On June 17, 2021, the U.S. Supreme Court decided a case challenging the validity of the Affordable Care Act (ACA). This is the third challenge to ACA and each time the Court has allowed it to stand.
About this challenge
The Affordable Care Act (ACA) was enacted in 2010 to require most individuals and large employers to have coverage or pay a penalty. The individual penalty was repealed, effective in 2019; the penalty for large employers that fail to provide minimum essential health coverage to their full-time employees was not changed. In view of the end to the individual mandate, Texas, a dozen other states, and two individuals (“the plaintiffs”) challenged the constitutionality of ACA.
The Court said that the plaintiffs lacked standing to bring the suit, so the justices didn’t have to decide on the constitutionality of the law. The plaintiffs didn’t show a past or future injury fairly traceable to governments’ conduct enforcing the specific statutory provision—minimum essential coverage--they attacked as unconstitutional. Since the plaintiffs didn’t have standing, the Court didn’t rule on the constitutionality of ACA.
What this means to you
Because the decision leaves in place all of the provisions currently on the books, nothing has changed for individuals and employers. What everyone has been doing continues…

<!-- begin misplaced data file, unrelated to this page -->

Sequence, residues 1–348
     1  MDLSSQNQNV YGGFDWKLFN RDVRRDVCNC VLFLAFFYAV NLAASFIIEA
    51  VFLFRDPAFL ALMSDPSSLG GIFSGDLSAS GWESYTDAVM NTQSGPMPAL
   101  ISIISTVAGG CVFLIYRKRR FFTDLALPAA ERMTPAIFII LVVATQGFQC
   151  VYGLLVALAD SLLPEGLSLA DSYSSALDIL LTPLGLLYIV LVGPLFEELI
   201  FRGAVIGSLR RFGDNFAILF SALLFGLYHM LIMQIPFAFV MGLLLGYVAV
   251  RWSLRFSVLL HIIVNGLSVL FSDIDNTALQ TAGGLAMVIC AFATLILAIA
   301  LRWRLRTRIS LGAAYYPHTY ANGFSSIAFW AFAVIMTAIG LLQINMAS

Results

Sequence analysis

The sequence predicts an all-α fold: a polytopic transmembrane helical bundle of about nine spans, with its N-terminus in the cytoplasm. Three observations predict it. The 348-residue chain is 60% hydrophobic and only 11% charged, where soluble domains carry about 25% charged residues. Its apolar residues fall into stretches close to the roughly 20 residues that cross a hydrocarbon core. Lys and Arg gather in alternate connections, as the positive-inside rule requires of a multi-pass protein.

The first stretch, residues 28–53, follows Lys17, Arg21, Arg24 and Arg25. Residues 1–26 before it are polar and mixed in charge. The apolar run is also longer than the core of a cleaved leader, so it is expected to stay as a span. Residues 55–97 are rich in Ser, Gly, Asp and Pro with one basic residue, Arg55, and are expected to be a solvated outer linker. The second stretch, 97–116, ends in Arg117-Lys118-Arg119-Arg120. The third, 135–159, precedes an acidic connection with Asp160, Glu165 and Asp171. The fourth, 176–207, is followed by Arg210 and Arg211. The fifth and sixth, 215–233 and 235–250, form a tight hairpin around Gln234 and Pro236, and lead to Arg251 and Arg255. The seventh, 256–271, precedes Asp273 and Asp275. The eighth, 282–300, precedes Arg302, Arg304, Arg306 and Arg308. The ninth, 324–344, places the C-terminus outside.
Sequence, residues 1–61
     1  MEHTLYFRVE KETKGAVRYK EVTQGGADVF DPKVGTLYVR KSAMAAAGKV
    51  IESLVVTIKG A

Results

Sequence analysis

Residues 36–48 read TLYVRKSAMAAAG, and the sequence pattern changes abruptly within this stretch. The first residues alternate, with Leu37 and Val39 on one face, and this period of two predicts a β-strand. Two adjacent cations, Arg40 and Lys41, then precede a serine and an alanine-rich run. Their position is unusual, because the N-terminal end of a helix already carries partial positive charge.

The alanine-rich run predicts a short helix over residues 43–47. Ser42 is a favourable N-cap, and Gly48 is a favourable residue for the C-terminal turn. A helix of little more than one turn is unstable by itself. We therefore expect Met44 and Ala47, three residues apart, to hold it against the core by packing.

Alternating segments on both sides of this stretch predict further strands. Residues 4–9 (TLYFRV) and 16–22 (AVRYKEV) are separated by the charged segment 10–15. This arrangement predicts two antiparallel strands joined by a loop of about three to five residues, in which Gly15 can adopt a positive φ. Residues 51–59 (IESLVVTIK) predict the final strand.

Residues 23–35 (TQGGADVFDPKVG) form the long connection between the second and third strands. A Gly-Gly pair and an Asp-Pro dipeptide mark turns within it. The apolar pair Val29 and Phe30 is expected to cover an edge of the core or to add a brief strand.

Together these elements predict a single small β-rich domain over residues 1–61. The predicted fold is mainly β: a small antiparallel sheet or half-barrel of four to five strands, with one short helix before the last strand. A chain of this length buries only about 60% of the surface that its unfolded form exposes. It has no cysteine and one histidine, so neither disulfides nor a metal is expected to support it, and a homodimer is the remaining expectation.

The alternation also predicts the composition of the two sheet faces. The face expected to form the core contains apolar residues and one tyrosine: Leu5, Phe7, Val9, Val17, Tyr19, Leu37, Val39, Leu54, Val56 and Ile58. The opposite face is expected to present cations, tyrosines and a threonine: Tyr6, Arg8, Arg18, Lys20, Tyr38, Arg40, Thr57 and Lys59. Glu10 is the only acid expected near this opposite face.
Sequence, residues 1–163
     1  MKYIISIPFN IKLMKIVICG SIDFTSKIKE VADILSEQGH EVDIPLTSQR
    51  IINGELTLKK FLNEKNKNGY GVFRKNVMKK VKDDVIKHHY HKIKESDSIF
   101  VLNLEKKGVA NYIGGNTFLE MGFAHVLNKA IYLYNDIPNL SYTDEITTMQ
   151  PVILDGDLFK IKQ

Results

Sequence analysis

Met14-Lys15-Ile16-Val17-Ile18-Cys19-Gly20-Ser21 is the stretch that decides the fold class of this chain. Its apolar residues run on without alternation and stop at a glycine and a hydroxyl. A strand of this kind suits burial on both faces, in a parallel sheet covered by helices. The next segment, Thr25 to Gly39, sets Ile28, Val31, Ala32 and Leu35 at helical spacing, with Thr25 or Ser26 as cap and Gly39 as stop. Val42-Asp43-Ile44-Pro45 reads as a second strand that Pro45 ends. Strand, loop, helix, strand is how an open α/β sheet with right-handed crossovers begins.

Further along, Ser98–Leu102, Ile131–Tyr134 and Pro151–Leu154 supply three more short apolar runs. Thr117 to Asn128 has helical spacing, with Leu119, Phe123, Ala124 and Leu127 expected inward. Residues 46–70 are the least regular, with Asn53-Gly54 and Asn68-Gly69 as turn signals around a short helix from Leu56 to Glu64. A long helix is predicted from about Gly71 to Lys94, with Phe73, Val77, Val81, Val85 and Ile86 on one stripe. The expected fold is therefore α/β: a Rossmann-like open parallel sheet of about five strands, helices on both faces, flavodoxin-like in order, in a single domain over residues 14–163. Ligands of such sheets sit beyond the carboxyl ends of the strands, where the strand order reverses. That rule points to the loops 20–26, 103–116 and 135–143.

Individuals may purchase individual health coverage through a government marketplace. Those with income below certain levels may obtain assistance via the premium tax credit, which is payable in advance to reduce monthly premium costs. Usually, the premium tax credit applies only if household income is below 400% of the federal poverty line (FPL), but for 2021 and 2022 this limit is waived. So, individuals (e.g., self-employed individuals without any other coverage) who have household income of 400% or more of the FPL pay 8.5% of their household income toward premiums; the balance is covered by the tax credit. Individuals may use a special enrollment period for 2021, which runs through August 15, 2021, to obtain coverage (and the premium tax credit).
Applicable large employers, defined as those with 50 or more full-time and full-time equivalent employees in the prior year, must provide minimum essential health coverage or pay a penalty. They must also file annual statements with the IRS and provide them to employees informing them of coverage (e.g., Form 1095-C). Small employers are not required to provide health coverage, but if they choose to so and meet certain parameters, they may qualify for a 50% tax credit for the premiums they pay. Small employers may continue to obtain health coverage through a government marketplace, called a SHOP (Small Business Health Options Program) Self-employed individuals may not use the SHOP; they can only use the individual marketplace.
Looking ahead to 2022, employers may be on the lookout for premium announcements so they can decide their course of action for the coming year. Typically, this happens later in the summer.